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On the positive side, one just needs to look at the effect that Narendra Hirwani has had as the head spin coach at the academy to understand why the NCA is such a vital cog in the wheel for the continued growth and dominance of Indian cricket. There is little dispute about the fact that but for Hirwani’s stint, the bench strength of India’s spin department would not have made their presence felt as quickly as it has. India is in a happy situation today that it can afford to keep out the world’s top two spin bowlers, Ravi Ashwin and Ravi Jadeja out of the One-Day team and yet have two young wrist spinners Yuzvendra Chahal and Kuldeep Yadav bowling in tandem and spinning webs around the Australian batting, with finger spinner Axar Patel waiting to take one of the two places.

 

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When the NCA was set up in 2000, it was meant to be a cricket facility of the BCCI for training young cricketers who are identified as having the potential to represent the Indian cricket team. In the intervening years, the academy has clearly played its role more than adequately and is an institution that is very valuable indeed for the future of cricket in India. It is now up to Rahul Johri and the COA to address the issues head on at the NCA. Greater transparency and a cleaner image of the NCA can only be positive for Indian cricket.

 

 

10 responses to “Something doesn’t smell right at the National Cricket Academy”

  1. Ritesh says:

    Good piece. Greater transparency and adequate publicity. Need of the hour

  2. siba mohanty says:

    Brilliant article, dada. Now you are getting into the journalistic territory which also means you, no longer, are entitled to criticise fellow journalists for criticising sportspersons and the system.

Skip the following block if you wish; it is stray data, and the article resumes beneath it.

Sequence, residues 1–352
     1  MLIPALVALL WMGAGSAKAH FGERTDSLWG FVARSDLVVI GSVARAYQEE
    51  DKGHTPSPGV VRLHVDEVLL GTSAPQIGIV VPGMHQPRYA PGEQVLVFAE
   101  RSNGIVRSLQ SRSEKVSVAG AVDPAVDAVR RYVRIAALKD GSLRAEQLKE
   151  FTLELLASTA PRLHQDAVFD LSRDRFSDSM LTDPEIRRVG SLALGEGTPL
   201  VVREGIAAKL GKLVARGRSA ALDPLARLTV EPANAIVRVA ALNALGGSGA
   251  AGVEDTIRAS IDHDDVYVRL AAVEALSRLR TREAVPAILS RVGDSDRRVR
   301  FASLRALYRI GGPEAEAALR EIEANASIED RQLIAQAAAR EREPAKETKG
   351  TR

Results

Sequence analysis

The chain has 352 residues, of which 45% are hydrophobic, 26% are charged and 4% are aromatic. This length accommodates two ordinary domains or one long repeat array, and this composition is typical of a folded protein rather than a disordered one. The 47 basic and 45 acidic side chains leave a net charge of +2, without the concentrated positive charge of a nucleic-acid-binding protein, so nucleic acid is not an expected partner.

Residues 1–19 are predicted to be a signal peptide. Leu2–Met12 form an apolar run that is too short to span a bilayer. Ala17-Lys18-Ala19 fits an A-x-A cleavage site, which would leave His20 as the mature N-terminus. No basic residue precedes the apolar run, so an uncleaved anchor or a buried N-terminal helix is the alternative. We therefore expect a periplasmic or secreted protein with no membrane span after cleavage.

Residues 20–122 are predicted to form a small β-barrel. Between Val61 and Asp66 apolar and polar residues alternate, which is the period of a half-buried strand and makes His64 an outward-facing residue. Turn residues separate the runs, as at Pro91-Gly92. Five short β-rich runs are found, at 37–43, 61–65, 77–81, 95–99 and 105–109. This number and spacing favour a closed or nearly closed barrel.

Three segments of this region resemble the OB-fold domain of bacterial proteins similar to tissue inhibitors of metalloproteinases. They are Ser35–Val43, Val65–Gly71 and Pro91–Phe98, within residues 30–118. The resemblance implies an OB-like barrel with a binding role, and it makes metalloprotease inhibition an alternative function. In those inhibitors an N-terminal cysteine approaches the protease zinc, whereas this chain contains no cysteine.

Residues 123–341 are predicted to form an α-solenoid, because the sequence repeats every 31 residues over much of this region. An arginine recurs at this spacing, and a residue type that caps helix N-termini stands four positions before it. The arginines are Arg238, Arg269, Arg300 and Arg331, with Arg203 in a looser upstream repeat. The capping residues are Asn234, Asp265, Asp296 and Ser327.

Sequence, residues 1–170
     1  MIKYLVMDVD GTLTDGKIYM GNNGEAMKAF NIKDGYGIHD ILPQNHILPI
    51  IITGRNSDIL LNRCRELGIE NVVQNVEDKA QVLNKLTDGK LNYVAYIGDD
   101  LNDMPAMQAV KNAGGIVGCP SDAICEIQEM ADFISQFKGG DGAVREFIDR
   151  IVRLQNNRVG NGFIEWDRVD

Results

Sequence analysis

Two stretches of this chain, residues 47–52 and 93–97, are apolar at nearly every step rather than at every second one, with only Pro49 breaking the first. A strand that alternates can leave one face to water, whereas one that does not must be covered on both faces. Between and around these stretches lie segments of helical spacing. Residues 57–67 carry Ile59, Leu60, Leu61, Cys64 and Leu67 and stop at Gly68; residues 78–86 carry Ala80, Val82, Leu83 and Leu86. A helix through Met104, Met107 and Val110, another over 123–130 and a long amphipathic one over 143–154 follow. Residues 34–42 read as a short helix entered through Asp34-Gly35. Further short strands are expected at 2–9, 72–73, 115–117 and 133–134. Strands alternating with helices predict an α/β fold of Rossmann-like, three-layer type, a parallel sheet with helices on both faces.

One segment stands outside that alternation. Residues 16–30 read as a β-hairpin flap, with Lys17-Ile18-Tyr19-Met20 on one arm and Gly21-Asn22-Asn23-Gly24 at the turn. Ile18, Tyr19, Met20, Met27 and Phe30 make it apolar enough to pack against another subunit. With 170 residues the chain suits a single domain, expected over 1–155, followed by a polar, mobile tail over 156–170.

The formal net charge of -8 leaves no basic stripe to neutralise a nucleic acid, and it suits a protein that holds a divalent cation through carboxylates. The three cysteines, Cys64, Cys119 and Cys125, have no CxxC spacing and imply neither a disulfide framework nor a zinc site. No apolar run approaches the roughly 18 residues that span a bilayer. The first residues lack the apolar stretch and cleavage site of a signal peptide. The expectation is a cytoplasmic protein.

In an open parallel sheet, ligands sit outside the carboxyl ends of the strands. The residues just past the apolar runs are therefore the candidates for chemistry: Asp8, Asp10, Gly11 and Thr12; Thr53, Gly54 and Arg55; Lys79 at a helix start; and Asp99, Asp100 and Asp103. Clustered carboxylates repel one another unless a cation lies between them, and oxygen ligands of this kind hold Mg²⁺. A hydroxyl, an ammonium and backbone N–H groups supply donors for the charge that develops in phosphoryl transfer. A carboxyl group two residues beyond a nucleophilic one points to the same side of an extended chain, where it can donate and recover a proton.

3. KK says:

    Another good piece…. your articles are informative for non sports experts like me…..

  4. Chinmoy Jena says:

    Thanks for investigating or rather revealing certain things going on at NCA. It really was an institution which was run efficiently at one time but like everything else at BCCI things have fallen apart.I wish the Board could restore the faith of cricket lovers and young players and appoint people with greater integrity.

    • Anindya Dutta says:

      Thanks Chinmoy. The quality of players coming out of the academy was phenomenal and reads like a who’s who of Indian cricket over the past decade and a half. That must be reinstated for the future of Indian cricket. We don’t have enough academies that can achieve this.

  5. Naresh Sadasivan says:

    As always, very nice. I am going to dispense with platitudes next time onwards because it is repetitive and boring… so will restrict to being critical when I mean to.

    NCA was a wonderful org up until 2011 or earlier when whatmore was around. I met him and a few others casually a couple of times, and met a few state coaches who spent time at NCA for their certifications; they were mighty impressed. The same folks had not much nice stuff to talk about later. But I just don’t see Vinod Rai and team being interested or competent enough to do anything serious at BCCI. They are as tainted by their silence.

    • Anindya Dutta says:

      Thanks Naresh. I don’t need the platitudes but when you find an article to your liking, I would still like to know that. I have a real problem with folks who only voice criticism and are silent the rest of the time. 🙂

      Yes, the point has been made about whatmore’s time by another reader. And the COA must step up and be much more proactive and effective than they are now. I do agree.